Bush welcomes Manning, Colts to White House
WASHINGTON -- Even when football season ends, superstar quarterback Peyton Manning is hard to miss on TV. He has become such a marketable pitchman that his commercials -- a sports drink here, a credit card company there -- seem endless.
"So a lot of people here in the White House compound have been really looking forward to seeing Peyton Manning," Bush said Monday on the South Lawn. "They wanted to see a guy who gets more air time than I do."
The good-natured poke came as Bush welcomed another championship team to the White House: The Indianapolis Colts.
The Colts beat the Chicago Bears, 29-17, in a pounding rainstorm last February to become Super Bowl champs. On Monday, players basked in the sunshine below the South Portico, as Bush hailed them for ignoring naysayers and playing as a well-balanced team.
As he usually does at these events, Bush played up the theme of perseverance. He liked that the Colts fought through ups and downs.
"Isn't that what life is about, isn't it really?" Bush said. "Through the ups -- it's easy to fight hard in the ups. It's when the downs come that you've got to be a fighter."
The team's coach, Tony Dungy, became the first black coach to win a Super Bowl. Long one of the most respected figures in the National Football League, Dungy coped with the suicide of his son, James, in late 2005. Bush alluded to that.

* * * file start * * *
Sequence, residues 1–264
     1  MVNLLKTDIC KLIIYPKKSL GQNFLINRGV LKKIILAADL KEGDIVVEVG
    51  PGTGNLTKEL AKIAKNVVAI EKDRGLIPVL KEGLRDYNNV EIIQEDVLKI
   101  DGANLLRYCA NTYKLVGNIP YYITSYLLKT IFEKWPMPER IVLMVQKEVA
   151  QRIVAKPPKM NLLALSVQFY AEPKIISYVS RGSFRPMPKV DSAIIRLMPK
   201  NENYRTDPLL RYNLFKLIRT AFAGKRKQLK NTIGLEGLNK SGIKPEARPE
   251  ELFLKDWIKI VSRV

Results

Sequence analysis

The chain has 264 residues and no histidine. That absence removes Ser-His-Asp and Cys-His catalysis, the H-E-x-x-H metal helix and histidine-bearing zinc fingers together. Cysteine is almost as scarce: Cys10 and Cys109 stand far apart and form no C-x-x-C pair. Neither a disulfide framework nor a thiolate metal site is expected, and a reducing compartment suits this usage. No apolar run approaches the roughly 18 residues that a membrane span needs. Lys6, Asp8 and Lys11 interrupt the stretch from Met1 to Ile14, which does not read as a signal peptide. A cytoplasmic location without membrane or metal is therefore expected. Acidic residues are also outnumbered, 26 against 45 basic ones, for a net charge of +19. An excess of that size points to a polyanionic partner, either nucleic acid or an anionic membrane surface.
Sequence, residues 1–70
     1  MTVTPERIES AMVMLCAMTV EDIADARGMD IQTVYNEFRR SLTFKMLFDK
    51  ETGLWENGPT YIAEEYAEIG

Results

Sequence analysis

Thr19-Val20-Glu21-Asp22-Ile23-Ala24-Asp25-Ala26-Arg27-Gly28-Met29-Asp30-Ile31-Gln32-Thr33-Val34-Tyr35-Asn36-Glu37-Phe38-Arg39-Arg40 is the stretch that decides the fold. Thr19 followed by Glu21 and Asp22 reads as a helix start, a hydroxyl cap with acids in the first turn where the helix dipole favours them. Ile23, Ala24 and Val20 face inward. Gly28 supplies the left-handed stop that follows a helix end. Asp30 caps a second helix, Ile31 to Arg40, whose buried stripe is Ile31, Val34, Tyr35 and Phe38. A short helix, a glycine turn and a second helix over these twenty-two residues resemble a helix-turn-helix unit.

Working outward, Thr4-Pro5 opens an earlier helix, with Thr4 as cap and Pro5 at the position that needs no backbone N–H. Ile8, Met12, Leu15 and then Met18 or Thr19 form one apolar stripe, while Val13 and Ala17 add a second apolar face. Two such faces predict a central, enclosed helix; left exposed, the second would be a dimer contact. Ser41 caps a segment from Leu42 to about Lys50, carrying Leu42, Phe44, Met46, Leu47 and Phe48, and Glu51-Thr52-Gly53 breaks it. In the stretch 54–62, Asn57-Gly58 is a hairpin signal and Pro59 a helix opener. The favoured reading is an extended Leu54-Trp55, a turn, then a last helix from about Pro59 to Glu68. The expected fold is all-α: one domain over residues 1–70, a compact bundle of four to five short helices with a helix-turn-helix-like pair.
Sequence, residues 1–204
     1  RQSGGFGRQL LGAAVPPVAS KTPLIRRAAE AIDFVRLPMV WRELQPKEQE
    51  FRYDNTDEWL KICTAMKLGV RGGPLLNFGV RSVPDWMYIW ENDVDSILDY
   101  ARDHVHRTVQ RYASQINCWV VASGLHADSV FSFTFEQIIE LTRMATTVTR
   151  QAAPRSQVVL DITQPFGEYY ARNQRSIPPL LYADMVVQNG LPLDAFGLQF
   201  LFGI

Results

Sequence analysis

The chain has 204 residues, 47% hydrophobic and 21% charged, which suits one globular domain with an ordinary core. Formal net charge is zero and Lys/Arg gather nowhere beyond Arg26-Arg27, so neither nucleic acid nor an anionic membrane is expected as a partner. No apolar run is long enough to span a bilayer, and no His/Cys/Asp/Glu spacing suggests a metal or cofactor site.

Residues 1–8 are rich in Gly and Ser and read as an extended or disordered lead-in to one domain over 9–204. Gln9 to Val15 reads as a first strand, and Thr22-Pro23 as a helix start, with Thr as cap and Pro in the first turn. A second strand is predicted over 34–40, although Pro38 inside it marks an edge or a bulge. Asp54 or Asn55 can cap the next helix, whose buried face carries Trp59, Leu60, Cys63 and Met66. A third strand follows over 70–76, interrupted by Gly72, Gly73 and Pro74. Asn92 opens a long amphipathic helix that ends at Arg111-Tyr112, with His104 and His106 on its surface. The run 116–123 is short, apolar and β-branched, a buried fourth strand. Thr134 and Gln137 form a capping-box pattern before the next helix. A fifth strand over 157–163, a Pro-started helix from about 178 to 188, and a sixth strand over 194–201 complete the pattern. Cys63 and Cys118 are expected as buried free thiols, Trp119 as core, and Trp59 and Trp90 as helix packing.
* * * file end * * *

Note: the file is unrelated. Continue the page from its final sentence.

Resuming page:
"He is a man who has used his -- a position of notoriety to behave in a quiet and strong way in the face of personal tragedy that has influenced a lot of our fellow citizens," Bush said of Dungy, who stood next to him on stage. "And I want to thank you for your courage."
The Colts are used to getting showered with attention. More than 93 million people watched the Super Bowl. Yet the team's players and executives seemed awed to be at the White House, and they didn't hide it.
Players pulled out personal cameras to get photos with Bush. They did the same with another political star and football fan who showed up for the ceremony -- Secretary of State Condoleezza Rice.
Earlier, players visited injured troops at Walter Reed Army Medical Center. Manning, Dungy and a handful of others also got a 20-minute tour of the Oval Office from Bush.
"Winning the Super Bowl a few months ago was probably about as special as you could get," Manning told reporters after the White House ceremony. "But I'm not sure you could actually beat what's happened here today."
As for all those commercials, Manning said he's used to getting ribbing from teammates. All Bush did, he said, was provide "more ammo for the offensive line to have some fun with me."
Copyright 2007 by The Associated Press
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